Page 1 of 1

Radiation levels in Japan

Posted: Sun Sep 04, 2011 12:58 am
by kowalskil
1) Those interested in recently (?) measured radiation levels (at different distances from the Fukushima reactors in Japan) should see:

 http://www.meti.go.jp/earthquake/nuclea ... r02_01.pdf  
(dose levels measured 1 meter above the ground)

 http://www.meti.go.jp/earthquake/nuclea ... r02_02.pdf
(dose levels measured 1 centimeter above the ground)

Note that the color code is explained near the lower left corner of each dispay. Radiation levels are expressed in micro-Sieverts per hour. [The 10 micro-sieverts, for example, is the same as 0.01 mSv, etc. And 10 micro-Sievert/hour is the same as 0.24 mSv/day, or 7.2 mSv/month.]

2) The effect of penetrating radiation on a person depends on the dose received. The common unit of dose is Sievert (Sv). Smaller doses are expressed in milliseverts (mSv) or microseveret.

A dose of 10 Sv will most likely results in death, within a day or two.
5 Sv would kill about 50% of exposed people.
2 Sv can also be fatal, especially without prompt treatment.

0.25 Sv = 250 mSv is the limit for emergency workers in life-saving operations.
0.10 Sv = 100 mSv dose is clearly linked to later cancer risks.
0.05 Sv = 50 mSv is the yearly limit for radiation workers.

0.004 Sv= 4 mSv typical yearly dose due to natural radiation (cosmic rays, etc).
0.003 Sv= 3 mSV typical dose from mammogram

Ludwik Kowalski (see Wikipedia)
.

RE: Radiation levels in Japan

Posted: Thu Sep 08, 2011 4:21 pm
by DodgeFB
kowalskil wrote: 1) Those interested in recently (?) measured radiation levels (at different distances from the Fukushima reactors in Japan) should see:

 http://www.meti.go.jp/earthquake/nuclea ... r02_01.pdf  
(dose levels measured 1 meter above the ground)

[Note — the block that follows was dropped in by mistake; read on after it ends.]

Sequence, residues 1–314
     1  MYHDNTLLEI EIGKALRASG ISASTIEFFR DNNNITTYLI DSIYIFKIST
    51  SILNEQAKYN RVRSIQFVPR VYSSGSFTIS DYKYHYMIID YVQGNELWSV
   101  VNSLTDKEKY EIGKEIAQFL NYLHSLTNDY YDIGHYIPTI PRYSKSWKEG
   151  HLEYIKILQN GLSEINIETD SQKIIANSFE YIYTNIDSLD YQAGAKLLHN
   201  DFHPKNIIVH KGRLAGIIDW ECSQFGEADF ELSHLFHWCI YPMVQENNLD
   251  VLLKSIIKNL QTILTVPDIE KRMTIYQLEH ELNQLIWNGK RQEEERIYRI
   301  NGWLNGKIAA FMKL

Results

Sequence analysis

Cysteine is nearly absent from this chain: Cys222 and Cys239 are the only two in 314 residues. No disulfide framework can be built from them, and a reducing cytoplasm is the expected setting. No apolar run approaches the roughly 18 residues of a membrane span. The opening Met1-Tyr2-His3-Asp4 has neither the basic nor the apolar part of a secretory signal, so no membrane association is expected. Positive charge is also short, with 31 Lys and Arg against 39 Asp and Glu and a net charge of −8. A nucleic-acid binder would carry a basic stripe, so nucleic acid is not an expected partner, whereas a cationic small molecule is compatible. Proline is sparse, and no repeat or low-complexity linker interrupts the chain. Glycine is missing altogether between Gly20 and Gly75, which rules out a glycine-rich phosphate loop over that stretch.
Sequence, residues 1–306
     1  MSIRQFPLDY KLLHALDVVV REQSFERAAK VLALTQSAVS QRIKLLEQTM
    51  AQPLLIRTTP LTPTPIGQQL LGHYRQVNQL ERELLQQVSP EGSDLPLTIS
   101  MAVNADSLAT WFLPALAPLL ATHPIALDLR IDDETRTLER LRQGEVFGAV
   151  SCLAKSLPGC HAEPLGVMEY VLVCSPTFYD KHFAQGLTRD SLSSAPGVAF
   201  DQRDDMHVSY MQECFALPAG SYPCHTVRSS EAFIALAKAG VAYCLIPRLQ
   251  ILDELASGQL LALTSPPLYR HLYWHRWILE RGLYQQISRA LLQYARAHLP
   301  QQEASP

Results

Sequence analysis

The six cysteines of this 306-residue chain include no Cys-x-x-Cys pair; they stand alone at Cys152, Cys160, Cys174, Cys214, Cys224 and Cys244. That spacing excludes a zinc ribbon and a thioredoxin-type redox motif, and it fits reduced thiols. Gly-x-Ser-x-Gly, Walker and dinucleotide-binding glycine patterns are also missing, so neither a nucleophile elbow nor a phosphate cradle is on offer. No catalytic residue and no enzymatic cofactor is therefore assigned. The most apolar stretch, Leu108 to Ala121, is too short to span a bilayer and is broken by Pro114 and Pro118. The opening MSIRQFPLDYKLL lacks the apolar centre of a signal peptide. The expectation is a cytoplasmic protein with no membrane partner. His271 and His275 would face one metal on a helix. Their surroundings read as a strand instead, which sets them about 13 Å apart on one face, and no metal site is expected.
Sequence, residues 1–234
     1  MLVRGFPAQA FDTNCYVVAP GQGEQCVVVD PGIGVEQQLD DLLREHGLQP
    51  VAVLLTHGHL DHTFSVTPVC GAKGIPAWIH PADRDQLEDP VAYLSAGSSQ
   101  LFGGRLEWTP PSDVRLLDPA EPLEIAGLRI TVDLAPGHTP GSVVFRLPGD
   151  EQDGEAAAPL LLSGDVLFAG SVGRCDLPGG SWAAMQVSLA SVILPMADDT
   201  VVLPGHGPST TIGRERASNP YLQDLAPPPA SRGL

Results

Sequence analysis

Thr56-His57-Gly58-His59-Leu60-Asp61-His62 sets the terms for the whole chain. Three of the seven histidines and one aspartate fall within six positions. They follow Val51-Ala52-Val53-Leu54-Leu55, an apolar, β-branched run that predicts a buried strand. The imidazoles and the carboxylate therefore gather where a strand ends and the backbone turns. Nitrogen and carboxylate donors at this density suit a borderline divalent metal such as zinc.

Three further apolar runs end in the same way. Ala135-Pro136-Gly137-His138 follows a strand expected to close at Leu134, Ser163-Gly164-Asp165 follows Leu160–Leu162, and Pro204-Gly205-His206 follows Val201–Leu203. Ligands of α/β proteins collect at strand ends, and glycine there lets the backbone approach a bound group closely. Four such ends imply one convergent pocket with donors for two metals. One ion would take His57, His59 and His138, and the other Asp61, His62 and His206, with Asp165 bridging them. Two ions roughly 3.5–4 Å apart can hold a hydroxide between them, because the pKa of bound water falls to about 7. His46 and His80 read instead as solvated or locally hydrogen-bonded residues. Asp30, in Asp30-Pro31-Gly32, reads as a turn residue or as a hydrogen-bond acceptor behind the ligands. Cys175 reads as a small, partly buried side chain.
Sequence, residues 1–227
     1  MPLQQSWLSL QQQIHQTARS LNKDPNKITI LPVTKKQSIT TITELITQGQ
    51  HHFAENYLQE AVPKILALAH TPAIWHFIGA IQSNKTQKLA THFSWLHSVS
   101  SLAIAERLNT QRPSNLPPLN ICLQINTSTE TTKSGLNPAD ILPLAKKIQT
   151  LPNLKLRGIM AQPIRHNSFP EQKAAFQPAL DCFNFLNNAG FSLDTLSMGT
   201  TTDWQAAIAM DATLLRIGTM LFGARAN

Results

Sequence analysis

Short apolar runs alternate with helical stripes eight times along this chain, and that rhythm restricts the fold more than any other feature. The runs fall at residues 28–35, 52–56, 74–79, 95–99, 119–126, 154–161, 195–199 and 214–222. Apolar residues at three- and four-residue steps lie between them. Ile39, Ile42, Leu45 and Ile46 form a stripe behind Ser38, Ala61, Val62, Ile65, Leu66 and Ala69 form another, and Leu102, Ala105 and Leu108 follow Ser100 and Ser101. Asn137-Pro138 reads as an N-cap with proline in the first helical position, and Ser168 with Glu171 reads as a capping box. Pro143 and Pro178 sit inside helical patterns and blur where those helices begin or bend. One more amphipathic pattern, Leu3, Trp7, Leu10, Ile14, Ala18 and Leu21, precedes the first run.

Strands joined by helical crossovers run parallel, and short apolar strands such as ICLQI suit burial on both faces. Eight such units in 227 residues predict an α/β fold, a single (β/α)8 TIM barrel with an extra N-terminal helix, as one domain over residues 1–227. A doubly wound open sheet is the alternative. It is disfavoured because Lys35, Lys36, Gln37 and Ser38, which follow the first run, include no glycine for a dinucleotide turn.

http://www.meti.go.jp/earthquake/nuclea ... r02_02.pdf
(dose levels measured 1 centimeter above the ground)

Note that the color code is explained near the lower left corner of each dispay. Radiation levels are expressed in micro-Sieverts per hour. [The 10 micro-sieverts, for example, is the same as 0.01 mSv, etc. And 10 micro-Sievert/hour is the same as 0.24 mSv/day, or 7.2 mSv/month.]

2) The effect of penetrating radiation on a person depends on the dose received. The common unit of dose is Sievert (Sv). Smaller doses are expressed in milliseverts (mSv) or microseveret.

A dose of 10 Sv will most likely results in death, within a day or two.
5 Sv would kill about 50% of exposed people.
2 Sv can also be fatal, especially without prompt treatment.

0.25 Sv = 250 mSv is the limit for emergency workers in life-saving operations.
0.10 Sv = 100 mSv dose is clearly linked to later cancer risks.
0.05 Sv = 50 mSv is the yearly limit for radiation workers.

0.004 Sv= 4 mSv typical yearly dose due to natural radiation (cosmic rays, etc).
0.003 Sv= 3 mSV typical dose from mammogram

Ludwik Kowalski (see Wikipedia)
.
That is very good information. Thank you.

RE: Radiation levels in Japan

Posted: Fri Sep 30, 2011 10:12 am
by 1988sonya
Thanks for share information about of radiation effect in Japan. But can anyone say how to remove this Radiation Effect in Japan?

RE: Radiation levels in Japan

Posted: Fri Sep 30, 2011 8:54 pm
by appleton
Great information in regards to removing the effect there isn't no way it can be done I think. Radiation doesn't get attracted to lead does it? It only shields you from it.

The only option would be to wait thousands of years I assume. Having a nuclear engineer chime in here or maybe even the OP himself would be cool :)